Cursing John McPhee

Before anything else, acknowledgements to various places that have helped me launch In Solo Time, the prequel to last year’s Solo Act. More to come as the fall unfolds. In no particular order, many thanks to:

Now, on to the screed. I love John McPhee, regardless of anything I say after this. He’s the consummate long-form nonfiction writer on topics as diverse as  oranges, the pine barrens of New Jersey, and the American shad. I started reading him when I came across Encounters with the Archdruid in the late seventies and followed his work in the New Yorker and his books, right up to his most recent book, Draft No. 4, which summarizes the lessons of the writing course he’s taught at Princeton since 1975. This last one, I’m afraid, is what’s plunged me into the Slough of Despond.

In his chapter on Structure, McPhee recounts how his high school English teacher forced him (and presumably his classmates) to outline every piece of writing before he started to write. In the Draft No. 4 chapter, he recounts how he decided on structures for various of his projects, drawing shapes, arrows, mazes, recurring curves, and lines peppered with dots well in advance of the point at which he wrote anything down. Many of these structures are marvels of architecture, reflecting deep thinking about the relationships among bits of information and story he’s picked up in his research travels, how to create the reader’s journey through the arc of the bales of information he’s picked up. All of this thinking he accomplishes before he writes a word.

For me, it usually takes three or four drafts of a novel to decide if there’s even a story in it. I can’t seem to think out the arc of a tale ahead of time, let alone what its ideal structure is, until I’ve thrown some words down on the page to work with. I remember an interview with Calvin Trillin in which he called his first drafts the “vomit draft.” I’m still heaving three or four rounds in. (I had a conversation with another writer once in which she told me she felt like she had to grow the tree before she carved it into furniture, which may be a more pleasant metaphor.)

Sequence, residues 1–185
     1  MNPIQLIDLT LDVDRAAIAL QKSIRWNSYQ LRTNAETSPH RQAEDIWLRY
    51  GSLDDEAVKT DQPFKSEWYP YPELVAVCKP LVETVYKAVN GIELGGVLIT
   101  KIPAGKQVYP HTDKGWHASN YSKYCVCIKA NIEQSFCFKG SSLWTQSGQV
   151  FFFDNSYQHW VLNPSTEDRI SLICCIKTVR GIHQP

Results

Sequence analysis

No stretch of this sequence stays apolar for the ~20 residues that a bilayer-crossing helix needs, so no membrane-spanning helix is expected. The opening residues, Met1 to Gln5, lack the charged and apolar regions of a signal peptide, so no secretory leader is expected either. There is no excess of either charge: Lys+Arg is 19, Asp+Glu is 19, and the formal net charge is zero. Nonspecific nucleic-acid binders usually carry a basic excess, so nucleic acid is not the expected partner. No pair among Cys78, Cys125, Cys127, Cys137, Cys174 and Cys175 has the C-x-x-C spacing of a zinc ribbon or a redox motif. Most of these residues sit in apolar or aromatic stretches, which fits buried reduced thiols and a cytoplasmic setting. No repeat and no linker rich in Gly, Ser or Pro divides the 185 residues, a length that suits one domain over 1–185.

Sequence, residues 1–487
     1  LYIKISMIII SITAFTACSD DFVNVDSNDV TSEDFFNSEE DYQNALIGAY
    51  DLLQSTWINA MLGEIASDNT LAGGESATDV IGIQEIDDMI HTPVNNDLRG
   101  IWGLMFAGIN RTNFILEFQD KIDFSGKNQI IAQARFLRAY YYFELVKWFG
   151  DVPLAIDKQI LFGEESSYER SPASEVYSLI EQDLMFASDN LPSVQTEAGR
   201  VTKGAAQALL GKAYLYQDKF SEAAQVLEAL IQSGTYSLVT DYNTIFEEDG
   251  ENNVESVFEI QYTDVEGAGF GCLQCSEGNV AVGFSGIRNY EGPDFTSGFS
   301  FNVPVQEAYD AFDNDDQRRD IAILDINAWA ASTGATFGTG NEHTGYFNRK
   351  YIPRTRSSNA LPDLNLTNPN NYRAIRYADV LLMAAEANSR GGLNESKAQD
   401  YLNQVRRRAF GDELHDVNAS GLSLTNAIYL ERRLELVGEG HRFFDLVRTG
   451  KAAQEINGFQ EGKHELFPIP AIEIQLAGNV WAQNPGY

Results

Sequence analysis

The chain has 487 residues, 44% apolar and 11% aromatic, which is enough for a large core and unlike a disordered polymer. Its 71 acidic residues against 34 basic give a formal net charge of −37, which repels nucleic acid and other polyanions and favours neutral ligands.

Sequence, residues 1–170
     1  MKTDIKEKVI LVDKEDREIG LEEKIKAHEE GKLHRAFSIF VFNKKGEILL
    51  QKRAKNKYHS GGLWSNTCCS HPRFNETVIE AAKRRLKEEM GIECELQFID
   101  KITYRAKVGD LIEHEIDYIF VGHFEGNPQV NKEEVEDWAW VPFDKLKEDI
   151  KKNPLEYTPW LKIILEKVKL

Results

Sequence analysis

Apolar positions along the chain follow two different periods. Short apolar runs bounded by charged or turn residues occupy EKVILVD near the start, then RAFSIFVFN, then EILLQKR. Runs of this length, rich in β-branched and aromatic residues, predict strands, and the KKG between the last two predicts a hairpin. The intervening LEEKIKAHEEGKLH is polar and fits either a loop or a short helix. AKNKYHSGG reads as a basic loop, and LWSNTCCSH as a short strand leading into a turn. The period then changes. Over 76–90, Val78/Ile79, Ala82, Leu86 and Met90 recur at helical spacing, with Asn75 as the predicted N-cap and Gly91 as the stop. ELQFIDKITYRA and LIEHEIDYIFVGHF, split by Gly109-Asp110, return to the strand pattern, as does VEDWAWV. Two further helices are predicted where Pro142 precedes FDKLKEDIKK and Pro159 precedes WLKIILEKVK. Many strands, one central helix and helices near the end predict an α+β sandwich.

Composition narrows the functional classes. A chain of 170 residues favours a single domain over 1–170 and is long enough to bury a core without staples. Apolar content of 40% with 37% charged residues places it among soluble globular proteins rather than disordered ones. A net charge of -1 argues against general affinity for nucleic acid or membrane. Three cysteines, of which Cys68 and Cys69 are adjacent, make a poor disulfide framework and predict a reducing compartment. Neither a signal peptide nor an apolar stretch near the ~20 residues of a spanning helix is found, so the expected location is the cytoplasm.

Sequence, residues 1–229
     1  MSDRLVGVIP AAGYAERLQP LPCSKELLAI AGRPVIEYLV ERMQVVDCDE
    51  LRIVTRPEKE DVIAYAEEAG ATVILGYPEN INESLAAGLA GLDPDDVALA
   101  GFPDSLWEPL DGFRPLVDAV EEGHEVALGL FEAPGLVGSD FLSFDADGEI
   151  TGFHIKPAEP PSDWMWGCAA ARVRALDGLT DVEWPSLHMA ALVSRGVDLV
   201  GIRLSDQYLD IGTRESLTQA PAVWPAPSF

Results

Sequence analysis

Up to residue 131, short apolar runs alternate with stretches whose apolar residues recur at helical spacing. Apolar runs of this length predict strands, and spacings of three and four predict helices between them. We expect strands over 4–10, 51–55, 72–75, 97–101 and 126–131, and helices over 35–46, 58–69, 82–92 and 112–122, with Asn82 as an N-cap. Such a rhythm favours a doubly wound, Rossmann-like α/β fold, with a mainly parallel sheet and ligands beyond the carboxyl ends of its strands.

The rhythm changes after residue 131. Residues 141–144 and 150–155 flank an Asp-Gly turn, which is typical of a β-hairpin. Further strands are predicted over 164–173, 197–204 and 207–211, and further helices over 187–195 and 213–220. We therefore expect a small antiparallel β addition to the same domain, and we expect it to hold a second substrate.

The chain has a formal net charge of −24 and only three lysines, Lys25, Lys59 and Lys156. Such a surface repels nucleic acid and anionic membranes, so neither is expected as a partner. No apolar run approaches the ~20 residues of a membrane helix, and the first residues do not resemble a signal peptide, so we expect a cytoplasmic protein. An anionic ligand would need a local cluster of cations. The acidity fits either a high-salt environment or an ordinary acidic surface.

At any rate, the fact that McPhee can create these elaborate structures and write to them amazes me, though I know it probably shouldn’t. The more time I spend with writers, having those tentatively weird and revealing conversations about process and procedure, the more I realize that everyone’s process is a unique collection of quirks, myths, prejudices, amulets, and incantations that works, mostly. If there were an easy way to get it done, someone would have patented it and be living on a yacht by now.

So I’ve calmed myself down. Temporarily. Yes, I cursed McPhee when I read Draft No. 4, until I realized my own strange process works in its own way. Of course, he has published a few more books than I have . . . I wonder if I took up drawing . . .

About Richard Cass

Dick is the author of the Elder Darrow Jazz Mystery series, the story of an alcoholic who walks into a dive bar in Boston . . . and buys it. Solo Act was a Finalist for the Maine Literary Award in Crime Fiction in 2017 and In Solo Time won the award in 2018. The third book in the series, Burton's Solo, came out in 2018 and Last Call at the Esposito in 2019. Sweetie Bogan's Sorrow was published in 2020, to thunderous pandemic acclaim. The sixth book in the series, Mickey's Mayhem, will come out in 2021. Dick lives and writes in Cape Elizabeth.
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4 Responses to Cursing John McPhee

  1. The best path to insanity often involves trying to adopt the way of others.

  2. Dick…after nearly 30 years at this, I find different books have different processes, my own process changes, and sometimes I’m without any circles, arrows, lines, or other elaborate structures, just sitting at the end of chapter 20, maybe 200+ pages into the book, with NO IDEA what happens next

    • Richard Cass says:

      Have to agree . . all you can do is stay light on your feet and keep moving, yes? Even if it’s not necessarily forward 😉

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